Temporal streams: programming abstractions for distributed live stream analysis applications
Hilley, David B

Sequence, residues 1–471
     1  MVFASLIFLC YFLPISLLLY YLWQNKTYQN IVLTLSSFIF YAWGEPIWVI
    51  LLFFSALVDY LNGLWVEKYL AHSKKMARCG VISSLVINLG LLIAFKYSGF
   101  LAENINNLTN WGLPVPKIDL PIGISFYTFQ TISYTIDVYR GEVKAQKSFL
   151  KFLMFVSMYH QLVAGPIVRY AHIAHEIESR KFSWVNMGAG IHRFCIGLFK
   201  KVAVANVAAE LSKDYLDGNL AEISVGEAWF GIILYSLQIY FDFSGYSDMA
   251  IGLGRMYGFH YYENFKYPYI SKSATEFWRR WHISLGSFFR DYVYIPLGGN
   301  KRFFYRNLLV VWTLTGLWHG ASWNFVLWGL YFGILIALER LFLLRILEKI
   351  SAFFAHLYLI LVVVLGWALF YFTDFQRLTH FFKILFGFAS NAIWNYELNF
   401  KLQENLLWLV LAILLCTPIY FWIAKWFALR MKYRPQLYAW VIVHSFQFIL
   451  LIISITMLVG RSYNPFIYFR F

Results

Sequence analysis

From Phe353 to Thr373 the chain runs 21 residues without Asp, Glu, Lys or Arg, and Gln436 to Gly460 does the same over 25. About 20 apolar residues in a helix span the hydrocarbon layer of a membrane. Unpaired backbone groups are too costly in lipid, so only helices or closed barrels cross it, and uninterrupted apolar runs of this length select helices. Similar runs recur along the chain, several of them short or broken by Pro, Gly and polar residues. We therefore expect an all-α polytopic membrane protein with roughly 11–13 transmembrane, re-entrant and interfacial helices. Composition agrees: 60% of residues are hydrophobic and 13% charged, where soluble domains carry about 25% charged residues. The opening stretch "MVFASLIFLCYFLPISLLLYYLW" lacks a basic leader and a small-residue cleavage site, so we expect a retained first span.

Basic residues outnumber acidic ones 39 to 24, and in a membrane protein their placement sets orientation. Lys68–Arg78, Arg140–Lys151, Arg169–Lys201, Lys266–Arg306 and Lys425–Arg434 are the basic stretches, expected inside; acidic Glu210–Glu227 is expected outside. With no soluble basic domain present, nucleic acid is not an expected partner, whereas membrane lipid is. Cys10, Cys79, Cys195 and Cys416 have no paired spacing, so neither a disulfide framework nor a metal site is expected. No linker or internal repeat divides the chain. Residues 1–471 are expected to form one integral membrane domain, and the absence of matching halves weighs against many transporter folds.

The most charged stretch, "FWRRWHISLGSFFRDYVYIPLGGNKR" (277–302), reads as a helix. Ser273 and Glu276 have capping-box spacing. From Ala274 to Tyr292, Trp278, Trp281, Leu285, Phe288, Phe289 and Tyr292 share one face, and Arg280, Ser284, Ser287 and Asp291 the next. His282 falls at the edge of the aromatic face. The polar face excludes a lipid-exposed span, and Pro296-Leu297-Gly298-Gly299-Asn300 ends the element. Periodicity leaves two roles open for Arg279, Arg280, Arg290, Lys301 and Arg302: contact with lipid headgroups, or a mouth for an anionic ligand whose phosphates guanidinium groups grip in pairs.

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Continuous live stream analysis applications are increasingly common. Video-based surveillance, emergency response, disaster recovery, and critical infrastructure monitoring are all examples of such applications. These applications are distributed and typically require significant computing resources (like a cluster of workstations) for analysis. In addition to live data, many such applications also require access to historical data that was streamed in the past and is now archived. While distributed programming support for traditional high-performance computing applications is fairly mature, existing solutions for live stream analysis applications are still in their early stages and, in our view, inadequate. We explore the system-level value of recognizing temporal properties -- a critical aspect of the application domain. We present "temporal streams", a programming model supporting a higher-level, domain-targeted programming abstraction for such applications. It provides a simple but expressive stream abstraction encompassing transport, manipulation and storage of streaming data. The semantics of the programming model are tailored to the application domain by explicitly recognizing the temporal aspects of continuous streams, providing a common interface for both time-based retrieval of current streaming data and data persistence. The unifying trait of time enables access to both current streaming data and archived historical data using the same interface; the communication and storage abstraction are the same -- a unified stream data abstraction, uniformly modeling stream data interactions. "Temporal streams" defines how distributed threads of computation interact implicitly via streams, but does not impose a particular model of computation constraining the interactions between distributed actors, targeting loosely coupled distributed systems with no centralized control. In particular, it targets stream analysis scenarios requiring significant signal processing on heavyweight streams such as audio and video. These unstructured streams are data rich but are not directly interpretable until meaningful features are extracted; consequently, feature detection and subsequent analysis are the major computational requirements. We also use the programming model as a vehicle for exploring systems software design issues, realizing "temporal streams" as a distributed runtime in the tradition of loosely coupled distributed systems with strong communication boundaries. We thoroughly examine the concrete software architecture and elements of implementation. We also describe two generations of system implementations, including the broad development philosophy, specific design principles and salient low-level details. The runtime is designed to be relatively lightweight and suitable as a substrate for higher-level, more domain-specific middleware or application functionality. Even with a relatively simple programming model, a carefully designed system architecture can provide a surprisingly rich and flexibly substrate for upper software layers. We also evaluate our system implementation in two ways; first, we present a series of quantitative experimental results designed to assess the performance of key primitives in our architecture in isolation. We also use motivating applications to evaluate "temporal streams" in the context of realistic application scenarios. We develop three motivating applications and provide quantitative and qualitative analyses of these applications in the context of "temporal streams." We show that, although it provides needed higher-level functionality to enable live stream analysis applications, our runtime does not add significant overhead to the stream computation at the core of each application. Finally, we also review the relationship of "temporal streams" (both the programming model and architecture) to other approaches, including database-oriented Stream Data Management Systems (SDMS), various stream processing engines, stream programming languages and parallel batch processing systems, as well as traditional distributed programming systems and communication frameworks.
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